W3C home > Mailing lists > Public > public-webapi@w3.org > December 2007

Re: ISSUE-119: names lengthComputable and total

From: Charles McCathieNevile <chaals@opera.com>
Date: Mon, 10 Dec 2007 20:16:38 +0100
To: "Maciej Stachowiak" <mjs@apple.com>, "Jean-Yves Bitterlich" <Jean-Yves.Bitterlich@sun.com>
Cc: "Web API WG (public)" <public-webapi@w3.org>
Message-ID: <op.t24vt0diwxe0ny@pc078.coreteam.oslo.opera.com>

On Mon, 10 Dec 2007 17:54:49 +0100, Maciej Stachowiak <mjs@apple.com>  

> On Dec 10, 2007, at 8:17 AM, Jean-Yves Bitterlich wrote:

>> Maciej Stachowiak wrote:

>>> In general I don't think we want to set a precedent of locking in bad  
>>> names in Editor's Drafts without a compelling reason. An  
>>> implementation alone is not much reason, there would have to be  
>>> significant content depending on it.

>> agreed. However, JSR-280 is Final Release: i.e. a Reference  
>> Implementation (RI) as well as a Test and Compatibility Kit (TCK) are  
>> available and licensed/licensable; Moreover a development kit  is also  
>> available and compliant.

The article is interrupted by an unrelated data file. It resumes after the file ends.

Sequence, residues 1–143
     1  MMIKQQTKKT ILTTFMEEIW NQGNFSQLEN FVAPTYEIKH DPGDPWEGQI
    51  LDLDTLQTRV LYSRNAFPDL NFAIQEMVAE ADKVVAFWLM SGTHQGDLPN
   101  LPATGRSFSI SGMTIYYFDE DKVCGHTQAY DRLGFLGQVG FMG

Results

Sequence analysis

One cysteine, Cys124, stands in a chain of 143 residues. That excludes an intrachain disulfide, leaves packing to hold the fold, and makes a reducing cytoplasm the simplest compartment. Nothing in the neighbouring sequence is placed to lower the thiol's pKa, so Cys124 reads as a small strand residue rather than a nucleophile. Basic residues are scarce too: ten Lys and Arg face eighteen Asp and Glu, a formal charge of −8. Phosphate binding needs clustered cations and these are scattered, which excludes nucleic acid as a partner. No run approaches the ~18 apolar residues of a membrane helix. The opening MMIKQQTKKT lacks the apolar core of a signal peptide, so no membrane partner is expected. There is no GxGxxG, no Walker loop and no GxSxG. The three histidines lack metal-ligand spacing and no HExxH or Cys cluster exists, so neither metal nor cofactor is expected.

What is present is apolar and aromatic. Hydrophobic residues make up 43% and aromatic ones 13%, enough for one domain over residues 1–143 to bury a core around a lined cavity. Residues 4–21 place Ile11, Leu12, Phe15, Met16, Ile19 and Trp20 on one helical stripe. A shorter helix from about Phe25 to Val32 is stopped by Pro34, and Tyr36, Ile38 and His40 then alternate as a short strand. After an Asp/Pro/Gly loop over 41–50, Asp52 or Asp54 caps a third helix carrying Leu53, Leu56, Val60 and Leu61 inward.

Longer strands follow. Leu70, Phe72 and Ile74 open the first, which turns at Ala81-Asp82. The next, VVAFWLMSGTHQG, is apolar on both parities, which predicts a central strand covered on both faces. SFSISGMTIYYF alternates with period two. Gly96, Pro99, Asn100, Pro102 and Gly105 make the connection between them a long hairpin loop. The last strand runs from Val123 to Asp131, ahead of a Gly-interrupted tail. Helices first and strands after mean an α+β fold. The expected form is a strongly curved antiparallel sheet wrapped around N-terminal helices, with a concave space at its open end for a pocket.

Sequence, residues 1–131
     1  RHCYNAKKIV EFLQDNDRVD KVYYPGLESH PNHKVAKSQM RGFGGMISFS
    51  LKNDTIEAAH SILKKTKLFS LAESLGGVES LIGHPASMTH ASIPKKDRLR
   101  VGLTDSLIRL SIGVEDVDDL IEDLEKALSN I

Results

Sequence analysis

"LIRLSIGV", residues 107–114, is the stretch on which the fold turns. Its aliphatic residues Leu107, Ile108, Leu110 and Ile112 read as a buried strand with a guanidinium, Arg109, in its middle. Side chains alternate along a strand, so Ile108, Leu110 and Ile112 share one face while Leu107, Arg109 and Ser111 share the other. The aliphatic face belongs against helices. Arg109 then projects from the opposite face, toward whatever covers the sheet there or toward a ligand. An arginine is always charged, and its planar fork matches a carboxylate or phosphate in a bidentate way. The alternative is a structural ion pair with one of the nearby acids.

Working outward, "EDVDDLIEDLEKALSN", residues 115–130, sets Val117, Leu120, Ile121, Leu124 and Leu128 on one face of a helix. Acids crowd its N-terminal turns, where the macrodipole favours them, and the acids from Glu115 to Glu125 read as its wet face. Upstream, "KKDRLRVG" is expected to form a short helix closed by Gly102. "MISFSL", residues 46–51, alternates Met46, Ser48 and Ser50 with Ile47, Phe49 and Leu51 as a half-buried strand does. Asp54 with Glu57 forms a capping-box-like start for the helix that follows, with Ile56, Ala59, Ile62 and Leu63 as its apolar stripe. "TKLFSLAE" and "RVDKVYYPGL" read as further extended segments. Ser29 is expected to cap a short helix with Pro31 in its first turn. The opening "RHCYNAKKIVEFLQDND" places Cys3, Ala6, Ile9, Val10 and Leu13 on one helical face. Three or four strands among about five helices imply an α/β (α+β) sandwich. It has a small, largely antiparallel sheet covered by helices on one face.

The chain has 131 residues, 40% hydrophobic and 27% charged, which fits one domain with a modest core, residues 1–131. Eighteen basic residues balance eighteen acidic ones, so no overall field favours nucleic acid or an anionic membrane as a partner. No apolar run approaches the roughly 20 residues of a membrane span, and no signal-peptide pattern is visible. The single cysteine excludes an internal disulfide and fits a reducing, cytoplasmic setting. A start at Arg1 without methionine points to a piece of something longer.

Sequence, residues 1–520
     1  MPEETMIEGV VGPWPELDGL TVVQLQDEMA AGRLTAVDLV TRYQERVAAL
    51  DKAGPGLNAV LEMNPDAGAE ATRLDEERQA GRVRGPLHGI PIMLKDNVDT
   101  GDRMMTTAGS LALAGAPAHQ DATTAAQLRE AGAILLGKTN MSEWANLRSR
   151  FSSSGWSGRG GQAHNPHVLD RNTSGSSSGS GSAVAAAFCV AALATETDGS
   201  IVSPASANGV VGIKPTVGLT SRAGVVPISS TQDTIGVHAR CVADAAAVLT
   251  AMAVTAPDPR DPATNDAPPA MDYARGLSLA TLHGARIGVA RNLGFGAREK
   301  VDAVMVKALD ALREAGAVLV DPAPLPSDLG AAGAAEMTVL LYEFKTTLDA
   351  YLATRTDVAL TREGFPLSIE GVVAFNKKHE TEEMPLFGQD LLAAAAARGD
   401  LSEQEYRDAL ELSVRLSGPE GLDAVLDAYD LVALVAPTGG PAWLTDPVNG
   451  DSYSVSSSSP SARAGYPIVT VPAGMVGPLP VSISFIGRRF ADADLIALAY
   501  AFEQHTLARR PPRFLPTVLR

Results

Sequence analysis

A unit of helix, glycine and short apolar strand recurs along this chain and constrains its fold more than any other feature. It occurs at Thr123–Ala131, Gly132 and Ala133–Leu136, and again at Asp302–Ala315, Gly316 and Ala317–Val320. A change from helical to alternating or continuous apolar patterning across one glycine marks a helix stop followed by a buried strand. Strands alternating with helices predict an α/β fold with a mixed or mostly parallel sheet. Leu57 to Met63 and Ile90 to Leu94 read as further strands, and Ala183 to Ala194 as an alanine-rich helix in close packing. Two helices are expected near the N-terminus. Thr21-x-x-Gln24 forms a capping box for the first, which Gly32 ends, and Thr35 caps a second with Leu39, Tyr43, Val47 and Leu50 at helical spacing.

>> This looks compelling enough ... to me :-)

> What would look compelling to me is web content depending on the  
> specific names. That's more important than whether someone shipped an  
> implementation.

That could indeed be a much more compelling argument. Can you show that  
such content does or does not exist?

Having an implementation that is difficult to change, shipped in millions  
of devices, does seem like an argument of some strength in the absence of  
a strong counter argument.

> I'll admit that method naming isn't the biggest issue. But it seems like  
> bad precedent to start giving weight to external standards that copy  
> very early stage W3C standards, as this subverts the W3C's own standards  
> process, which runs by different rules than the Java Community Process.

The base specification has been around for a long time (we inherited it  
 from SVG), and it was pretty baked already. People have implemented,  
people have written it up (although it is only draft), and based other  
stuff on it. Others have just chosen equally bad names for the same thing.  
And fundamentally, this naming issue doesn't seem to be a really big deal.

Given the relative unimportance of method naming, in the interests of  
building on and further developing a consistent body of material, of  
building more trust in the work we have done, and of moving forward, it  
seems to me a reasonable choice in this case to maintain compatibility  
with what we have had for a couple of years or so.



Charles McCathieNevile  Opera Software, Standards Group
     je parle français -- hablo español -- jeg lærer norsk
http://my.opera.com/chaals   Try Opera 9.5: http://snapshot.opera.com
Received on Monday, 10 December 2007 19:16:54 UTC

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